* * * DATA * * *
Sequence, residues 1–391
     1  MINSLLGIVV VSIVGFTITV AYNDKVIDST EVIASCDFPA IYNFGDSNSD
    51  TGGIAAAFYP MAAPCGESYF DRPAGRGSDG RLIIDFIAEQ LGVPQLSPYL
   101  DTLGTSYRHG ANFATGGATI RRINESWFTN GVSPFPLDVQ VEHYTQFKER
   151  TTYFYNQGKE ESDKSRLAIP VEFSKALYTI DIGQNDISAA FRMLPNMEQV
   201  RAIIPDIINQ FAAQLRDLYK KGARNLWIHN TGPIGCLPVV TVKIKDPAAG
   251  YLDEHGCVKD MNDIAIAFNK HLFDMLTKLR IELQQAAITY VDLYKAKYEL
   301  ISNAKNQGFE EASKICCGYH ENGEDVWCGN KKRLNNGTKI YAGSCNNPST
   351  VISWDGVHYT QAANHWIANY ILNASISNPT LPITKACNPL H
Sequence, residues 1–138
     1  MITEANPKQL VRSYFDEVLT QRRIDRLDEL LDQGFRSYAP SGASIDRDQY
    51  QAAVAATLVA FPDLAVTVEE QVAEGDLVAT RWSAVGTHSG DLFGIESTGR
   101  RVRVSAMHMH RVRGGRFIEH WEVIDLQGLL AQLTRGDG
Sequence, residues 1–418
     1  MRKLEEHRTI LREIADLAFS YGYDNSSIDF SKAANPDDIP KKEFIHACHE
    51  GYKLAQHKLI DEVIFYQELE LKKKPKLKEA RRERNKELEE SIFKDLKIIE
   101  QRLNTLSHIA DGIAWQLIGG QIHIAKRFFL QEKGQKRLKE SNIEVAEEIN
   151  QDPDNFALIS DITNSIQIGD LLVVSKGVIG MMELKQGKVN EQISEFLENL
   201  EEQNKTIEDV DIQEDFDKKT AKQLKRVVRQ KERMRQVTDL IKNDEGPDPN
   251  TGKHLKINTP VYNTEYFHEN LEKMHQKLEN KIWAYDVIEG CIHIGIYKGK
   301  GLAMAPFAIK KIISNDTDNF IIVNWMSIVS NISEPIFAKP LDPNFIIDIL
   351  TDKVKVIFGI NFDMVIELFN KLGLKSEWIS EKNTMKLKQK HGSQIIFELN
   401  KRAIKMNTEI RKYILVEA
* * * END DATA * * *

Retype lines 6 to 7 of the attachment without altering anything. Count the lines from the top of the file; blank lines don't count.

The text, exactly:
   201  RAIIPDIINQ FAAQLRDLYK KGARNLWIHN TGPIGCLPVV TVKIKDPAAG
   251  YLDEHGCVKD MNDIAIAFNK HLFDMLTKLR IELQQAAITY VDLYKAKYEL